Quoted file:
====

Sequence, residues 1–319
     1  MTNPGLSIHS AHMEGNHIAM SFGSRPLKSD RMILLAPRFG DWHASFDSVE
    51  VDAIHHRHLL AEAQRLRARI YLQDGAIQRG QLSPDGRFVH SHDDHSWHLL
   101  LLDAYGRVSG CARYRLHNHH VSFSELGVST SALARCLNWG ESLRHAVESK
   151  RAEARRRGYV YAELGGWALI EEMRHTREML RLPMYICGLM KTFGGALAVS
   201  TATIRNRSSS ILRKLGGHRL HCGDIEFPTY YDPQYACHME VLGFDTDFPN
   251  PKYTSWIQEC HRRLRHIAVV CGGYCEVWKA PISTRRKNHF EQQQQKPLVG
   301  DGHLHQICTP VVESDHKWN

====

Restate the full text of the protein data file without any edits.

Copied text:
Sequence, residues 1–319
     1  MTNPGLSIHS AHMEGNHIAM SFGSRPLKSD RMILLAPRFG DWHASFDSVE
    51  VDAIHHRHLL AEAQRLRARI YLQDGAIQRG QLSPDGRFVH SHDDHSWHLL
   101  LLDAYGRVSG CARYRLHNHH VSFSELGVST SALARCLNWG ESLRHAVESK
   151  RAEARRRGYV YAELGGWALI EEMRHTREML RLPMYICGLM KTFGGALAVS
   201  TATIRNRSSS ILRKLGGHRL HCGDIEFPTY YDPQYACHME VLGFDTDFPN
   251  PKYTSWIQEC HRRLRHIAVV CGGYCEVWKA PISTRRKNHF EQQQQKPLVG
   301  DGHLHQICTP VVESDHKWN